I've just inherited about 20 instances of SQL Server, as part of a wider acquisition project. I'm in the process of assessing performance and I don't like the way maintenance plans have been implemented.

I'm seeing daily blanket index rebuilds (I can deal with this one) and also daily manual updating of statistics.

Around half of the databases have been set to Auto Update Statistics = False, for reasons which are not clear other than I am told it is to reduce 'Performance Issues'...

I always thought, and worked to, best practice of setting this to True and felt the Manual Update was not necessary if this setting was True. Am I wrong?

Can anyone explain what the benefit would be in having this set as False, but doing a daily manual update instead?

I should mention that some of the databases are highly transactional (millions of Inserts, Deletes, Updates per day) Others are low in terms of transaction rates, and some are all but read-only. There is no rhyme or reason though as to which have the Auto Update setting set to False. It appears to be a lottery.

4 Answers 4


You are correct, I also believe that in most cases the Auto Update statistics should be set to true we should allow SQL Server to decide when to update stats and believe me it does good job. When this is set to true it make sure stats are updated about distribution of data in the field which would eventually help optimizer to prepare better plan. The important thing to note here is Auto update stats fire when 20% of data changes in table. So you should not feel that on a table with 100K rows if 10 rows are updated then status update will fire.

A more deeper analysis is done by Paul Randal in the blog Understanding When Statistics Will Automatically Update. I have not seen any drawback if this option is set to true. Yes you can see some I/O activity when this option is set to true.

Important conclusion which one can draw from the blog is

Even if a statistic becomes outdated as the result of a modification, it will not automatically update after the modification completes. The statistic will automatically update the next time a query plan uses it.

For cases where you have just read only databases or databases where you just do select operation and there is no DML operation, in that case you can keep the option to false but again no harm would come if you keep it true. We mostly see database with certain amount of activity.


This is too long for a comment so I'll chime in with another case where one might want to turn off auto update stats. I've worked with databases supporting high-volume OLTP workloads and a stringent query performance SLA in milliseconds. Nearly all queries were trivial with a lot of attention to query and index tuning detail and some of the tables were quite large. There wasn't much value in updating stats during peak periods in this situation and auto-update stats would violate the SLA. Consequently, maintenance was done during non-peak periods via a scheduled job.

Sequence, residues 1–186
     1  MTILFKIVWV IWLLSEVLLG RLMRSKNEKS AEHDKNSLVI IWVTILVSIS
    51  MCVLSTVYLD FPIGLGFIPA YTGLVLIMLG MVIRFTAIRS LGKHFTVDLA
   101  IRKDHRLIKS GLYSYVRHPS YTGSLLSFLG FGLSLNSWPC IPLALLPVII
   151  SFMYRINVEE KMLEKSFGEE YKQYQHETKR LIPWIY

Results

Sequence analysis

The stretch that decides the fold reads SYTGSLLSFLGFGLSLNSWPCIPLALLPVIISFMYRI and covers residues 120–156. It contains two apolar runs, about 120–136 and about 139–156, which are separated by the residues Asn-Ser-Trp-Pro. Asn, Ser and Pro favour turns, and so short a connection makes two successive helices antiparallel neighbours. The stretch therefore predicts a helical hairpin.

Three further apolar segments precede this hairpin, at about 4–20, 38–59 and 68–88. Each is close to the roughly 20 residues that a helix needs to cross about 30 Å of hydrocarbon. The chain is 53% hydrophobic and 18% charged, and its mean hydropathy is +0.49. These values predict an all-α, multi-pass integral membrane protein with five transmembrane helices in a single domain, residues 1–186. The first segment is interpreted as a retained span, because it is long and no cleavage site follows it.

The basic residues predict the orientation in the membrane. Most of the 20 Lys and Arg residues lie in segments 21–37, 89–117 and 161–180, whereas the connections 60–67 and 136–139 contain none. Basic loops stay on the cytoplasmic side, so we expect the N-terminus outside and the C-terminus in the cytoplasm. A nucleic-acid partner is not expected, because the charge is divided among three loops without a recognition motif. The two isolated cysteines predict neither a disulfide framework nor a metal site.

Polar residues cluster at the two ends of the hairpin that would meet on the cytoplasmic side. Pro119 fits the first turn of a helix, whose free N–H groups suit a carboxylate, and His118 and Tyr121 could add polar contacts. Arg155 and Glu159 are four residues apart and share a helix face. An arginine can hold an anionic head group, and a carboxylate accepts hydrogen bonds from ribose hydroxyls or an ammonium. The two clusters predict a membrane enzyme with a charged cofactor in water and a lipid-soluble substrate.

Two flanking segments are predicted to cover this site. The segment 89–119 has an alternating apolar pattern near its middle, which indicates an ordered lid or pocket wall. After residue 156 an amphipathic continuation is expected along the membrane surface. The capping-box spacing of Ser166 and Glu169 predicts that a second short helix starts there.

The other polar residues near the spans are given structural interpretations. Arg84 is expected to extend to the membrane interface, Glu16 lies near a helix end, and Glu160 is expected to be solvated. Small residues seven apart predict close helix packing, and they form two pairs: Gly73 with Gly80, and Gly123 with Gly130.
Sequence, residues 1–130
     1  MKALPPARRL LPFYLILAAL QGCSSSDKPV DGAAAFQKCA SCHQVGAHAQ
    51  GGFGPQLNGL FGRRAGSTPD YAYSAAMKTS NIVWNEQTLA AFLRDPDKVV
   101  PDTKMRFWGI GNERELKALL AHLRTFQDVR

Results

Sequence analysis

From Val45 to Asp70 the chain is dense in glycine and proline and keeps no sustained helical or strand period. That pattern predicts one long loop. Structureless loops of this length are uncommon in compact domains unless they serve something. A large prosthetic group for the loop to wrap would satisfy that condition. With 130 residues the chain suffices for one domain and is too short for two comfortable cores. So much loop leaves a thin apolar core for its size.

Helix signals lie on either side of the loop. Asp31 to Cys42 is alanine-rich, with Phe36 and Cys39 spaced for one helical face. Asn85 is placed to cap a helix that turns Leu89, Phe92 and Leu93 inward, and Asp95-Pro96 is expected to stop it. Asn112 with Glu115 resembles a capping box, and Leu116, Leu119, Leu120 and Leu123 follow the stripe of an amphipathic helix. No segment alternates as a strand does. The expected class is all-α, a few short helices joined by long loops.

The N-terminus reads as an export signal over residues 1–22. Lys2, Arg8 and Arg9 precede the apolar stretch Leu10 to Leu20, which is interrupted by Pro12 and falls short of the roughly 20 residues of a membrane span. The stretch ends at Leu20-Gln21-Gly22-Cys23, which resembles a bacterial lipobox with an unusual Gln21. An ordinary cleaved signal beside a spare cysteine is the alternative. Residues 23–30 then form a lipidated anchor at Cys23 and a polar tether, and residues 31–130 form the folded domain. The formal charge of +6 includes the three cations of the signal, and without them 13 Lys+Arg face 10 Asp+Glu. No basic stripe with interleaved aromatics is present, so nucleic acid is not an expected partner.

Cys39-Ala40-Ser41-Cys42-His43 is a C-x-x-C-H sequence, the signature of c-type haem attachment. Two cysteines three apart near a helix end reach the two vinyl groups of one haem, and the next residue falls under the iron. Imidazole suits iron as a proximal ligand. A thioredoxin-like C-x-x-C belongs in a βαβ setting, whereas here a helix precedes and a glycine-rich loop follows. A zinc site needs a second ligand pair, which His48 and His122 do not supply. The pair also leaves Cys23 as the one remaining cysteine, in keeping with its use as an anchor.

Another option is to turn on both AUTO_UPDATE_STATISTICS and AUTO_UPDATE_STATISTICS_ASYNC database options. This will allow queries to proceed with execution plans based on stale statistics rather than incur the overhead of updating stats synchronously. This is especially appropriate for an OLTP workload as long as the server is sized to accommodate the query workload plus the background stats update.


Generally I would say that having auto update statistics on is beneficial. But like any setting, there are reasons you can turn it on or off.

One is that some tables have a lot of churn, and perhaps queries are not very sensitive to accurate statistics. Think ETL or other bulk scenarios where you're changing a lot of data, but either not reading it from there, or not reading it much. There's not much point to having auto statistics updates kick in and cause a bunch of I/O to provide more accurate stats that won't ever be used.

You also might have scenarios where you update data multiple times throughout the day, but don't necessarily want to update statistics after every update. (Say the data is only queried during certain hours of the day - no need to update the stats multiple times when the data won't be queried in the meantime anyway.)

Or maybe you just have a write-heavy workload. Or the reads are generally full scans, where statistics are not extremely important.


Auto stats updates can have horrible results on large tables due to the algorithm used by MS to determine sample rate, even with the improvements in this altorithm since 2016 +. It is a sliding scale algorithm and I believe, if you check your stats on large tables in scenario where auto stats update is turned on, you are going to find extremely low sample rates. Use DBCC to spot-check your last stats updates and I think you are going to find surprising results. Particularly in scenarios where queries are running fine for some time (days/months) and suddenly you start to get calls re long running ops. On DB's with large tables and high churn, I normally turn off auto update stats and run maint jobs to handle it in off hours. I prefer TigerBox because you can control maint ops on indexes by number of pages in index, thereby creating separate jobs based on index/table size. If you don't want to go to these lengths, on problematic tables/indexes, run a manual stats update using a sample rate appropriate for that table and use the persistent=yes option - this will cause auto stats update to use your persistent sample rate rather than letting the algorithm have it's way with you.

  • This sounds like spam to me. Be aware that if you are involved in the product mentioned, that you need to explicitly declare that in your answer.
    – Hannah Vernon
    Commented Jun 30, 2021 at 14:35
  • 1
    I think he might refer to the TigerToolbox repository from Microsoft.
    – Zikato
    Commented Nov 8, 2021 at 8:12

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